Defined by pride of place

Home Hill, the home of Dame Enid and Joseph Lyons, built in 1916.
Home Hill, the Devonport home of Dame Enid (Australia’s first woman MP) and Joseph Lyons (the only Tasmanian-born PM), from 1916 to 1981 .

My tour of Joseph and Enid Lyons’ family home reminded how democracy – “government of the people, by the people, for the people” – matters. Not only that, but how key Tasmania has been in the evolution of democracy in Australia.

Home Hill, the Lyons’ home from 1916 to 1981, now jointly managed by Devonport City Council and the National Trust, has just hosted its centenary. Dame Enid, Australia’s first woman MP, would have approved of the volunteer-run garden fete; and how the former PM’s home relies on community volunteers who show pride in maintaining its homespun and worldly treasures as if the couple had just left the room.

Lyons’ plain speaking and honest heart led him to turn his back on the Labor party and form the United Australia Party in 1932. Home Hill manager Ann Teesdale points out that, along with the Greens, two Australian political parties had their origins in Tasmania. In fact, she’d like to see “a democracy bus tour” of both founders’ properties – between Home Hill in Devonport and Oura Oura in Liffey. She says it would inspire people to feel proud of democracy and their ability to effect change.

Which is what a Town Hall meeting in Hobart in ten day’s time is desperately hoping to achieve. November 8 is not only US election day. It’s also World Town Planning Day.

Tasmanians are well acquainted with the spirit of public protest; it has stopped dams and mills. Now, 20 (and growing) community and environment groups (from the Beaumauris Action Network to the Tasmanian Planning Information Network) are joining forces, horrified by the proposed statewide planning scheme which seeks to scrap all local planning schemes and replace them with a single Statewide planning scheme.

The draft Statewide Planning Provisions (SPPs) will make a number of significant changes to the way that use and development is assessed in Tasmania. For example, local councils will have no opportunity to refuse development in National Parks and Reserves that has been approved by the Parks and Wildlife Service, and the public will not be given a chance to comment and/or appeal against many significant tourism developments.

Organisers of the Town Hall meeting say it’s hard to get people to care all over again about highly technical and complex legislation when many have had enough of conflict, are burnt out, and their resilience frayed. Nonetheless, they’re motivated by an incremental weakening of planning laws already underway in other parts of the country that removes the legal rights of home-owners and communities.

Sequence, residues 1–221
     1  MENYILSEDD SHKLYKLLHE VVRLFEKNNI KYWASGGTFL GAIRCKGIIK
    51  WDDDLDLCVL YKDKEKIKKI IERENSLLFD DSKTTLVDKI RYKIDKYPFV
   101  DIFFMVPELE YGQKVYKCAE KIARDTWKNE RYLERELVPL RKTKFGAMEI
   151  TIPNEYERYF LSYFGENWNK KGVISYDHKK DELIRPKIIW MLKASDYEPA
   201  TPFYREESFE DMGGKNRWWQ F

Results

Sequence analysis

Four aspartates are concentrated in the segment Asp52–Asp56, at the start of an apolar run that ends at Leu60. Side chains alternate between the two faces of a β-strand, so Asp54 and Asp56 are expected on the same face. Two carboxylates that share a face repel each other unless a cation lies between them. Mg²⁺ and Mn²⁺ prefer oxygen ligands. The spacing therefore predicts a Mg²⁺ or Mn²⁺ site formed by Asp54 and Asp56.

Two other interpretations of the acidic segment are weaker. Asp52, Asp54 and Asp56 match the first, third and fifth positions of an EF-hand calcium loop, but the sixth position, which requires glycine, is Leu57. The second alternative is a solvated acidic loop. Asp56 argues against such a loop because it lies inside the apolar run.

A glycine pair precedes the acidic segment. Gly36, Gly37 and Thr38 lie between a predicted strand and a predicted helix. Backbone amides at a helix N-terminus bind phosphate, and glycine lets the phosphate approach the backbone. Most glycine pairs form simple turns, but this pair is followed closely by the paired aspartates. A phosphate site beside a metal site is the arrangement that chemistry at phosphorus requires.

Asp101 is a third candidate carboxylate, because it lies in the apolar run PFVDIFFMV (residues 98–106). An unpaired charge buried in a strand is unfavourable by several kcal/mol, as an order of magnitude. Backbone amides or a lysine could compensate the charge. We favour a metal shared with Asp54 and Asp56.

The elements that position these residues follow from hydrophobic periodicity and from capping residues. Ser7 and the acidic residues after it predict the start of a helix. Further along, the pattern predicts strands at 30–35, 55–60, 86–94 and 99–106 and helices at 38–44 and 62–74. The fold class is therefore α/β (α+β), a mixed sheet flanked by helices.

Michael Buxton, Professor of Environment and Planning at Melbourne’s RMIT, is one of the speakers lined up for the November 8th Town Hall meeting. In Victoria, Buxton has observed “a paradigm shift away from careful and considered strategy-led planning, towards market-driven, ad hoc development facilitation”.

Three months of public hearings on the draft SPPs are now wrapping up, with Minister Gutwein due to receive the final report from the Tasmanian Planning Commission in early December.

Sophie Underwood from the Freycinet Action Network is stepping into the fray again with 20 years of background in planning at a local level in Swanwick. Through her involvement in numerous appeals tribunals including Federal Hotels and RACT developments in Freycinet, she has learned the importance of appeal rights; how they can lead to better decision-making processes for a community affected by development.

“Without third party appeal it’s hard to hold developers to account,” says Underwood. “This is more important than ever because people don’t realize how the draft statewide planning scheme affects every land title in the state. It’s not only a threat to national parks, threatened species, undeveloped coastline, urban amenity and sites of Aboriginal cultural significance. It could potentially impact on everyone in their own backyard.”

At one of the Tasmanian Planning Commission’s Hobart hearings, Underwood says she pleaded with Chair Greg Alomes to talk to the minister and advise him to re-think the whole thing.

“I get how important it is,” says Underwood. “It’s about a vision for Tasmania. It should be a vision for all of us, not just developers’ ability to shape our future. I don’t want to be a victim of something that we didn’t want in the first place.”

Along with the 19 other groups, Underwood, through Freycinet Action Network, is now sharply focused on raising awareness. “My dream is to pack out the Hobart Town Hall on November and see it overflowing onto the street. The government needs to listen to the people.”

Tasmanians have always had a great connection to place. Our local character, different around every corner, is shaped by a distinctly regional way of life. We should all care if there is a risk of losing the right to shape our own lives in the way we have always done; it’s made us who we are.

First published in TasWeekend, October 29, 2016.

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